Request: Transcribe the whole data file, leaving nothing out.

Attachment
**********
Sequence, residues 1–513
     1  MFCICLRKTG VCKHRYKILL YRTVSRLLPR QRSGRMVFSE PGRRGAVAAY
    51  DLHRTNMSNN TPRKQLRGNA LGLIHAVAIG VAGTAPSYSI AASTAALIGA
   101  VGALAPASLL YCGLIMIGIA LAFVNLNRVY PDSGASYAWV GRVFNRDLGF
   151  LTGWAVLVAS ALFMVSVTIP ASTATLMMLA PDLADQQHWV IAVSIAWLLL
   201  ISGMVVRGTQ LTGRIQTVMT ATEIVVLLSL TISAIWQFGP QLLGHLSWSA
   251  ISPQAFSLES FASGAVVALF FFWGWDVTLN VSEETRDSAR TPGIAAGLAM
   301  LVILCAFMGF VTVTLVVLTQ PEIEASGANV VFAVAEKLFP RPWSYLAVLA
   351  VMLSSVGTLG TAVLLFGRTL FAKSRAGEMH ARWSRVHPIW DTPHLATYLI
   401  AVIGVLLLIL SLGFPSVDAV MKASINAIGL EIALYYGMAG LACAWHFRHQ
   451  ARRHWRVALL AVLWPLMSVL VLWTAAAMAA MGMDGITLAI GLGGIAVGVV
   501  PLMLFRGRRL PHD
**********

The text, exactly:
Sequence, residues 1–513
     1  MFCICLRKTG VCKHRYKILL YRTVSRLLPR QRSGRMVFSE PGRRGAVAAY
    51  DLHRTNMSNN TPRKQLRGNA LGLIHAVAIG VAGTAPSYSI AASTAALIGA
   101  VGALAPASLL YCGLIMIGIA LAFVNLNRVY PDSGASYAWV GRVFNRDLGF
   151  LTGWAVLVAS ALFMVSVTIP ASTATLMMLA PDLADQQHWV IAVSIAWLLL
   201  ISGMVVRGTQ LTGRIQTVMT ATEIVVLLSL TISAIWQFGP QLLGHLSWSA
   251  ISPQAFSLES FASGAVVALF FFWGWDVTLN VSEETRDSAR TPGIAAGLAM
   301  LVILCAFMGF VTVTLVVLTQ PEIEASGANV VFAVAEKLFP RPWSYLAVLA
   351  VMLSSVGTLG TAVLLFGRTL FAKSRAGEMH ARWSRVHPIW DTPHLATYLI
   401  AVIGVLLLIL SLGFPSVDAV MKASINAIGL EIALYYGMAG LACAWHFRHQ
   451  ARRHWRVALL AVLWPLMSVL VLWTAAAMAA MGMDGITLAI GLGGIAVGVV
   501  PLMLFRGRRL PHD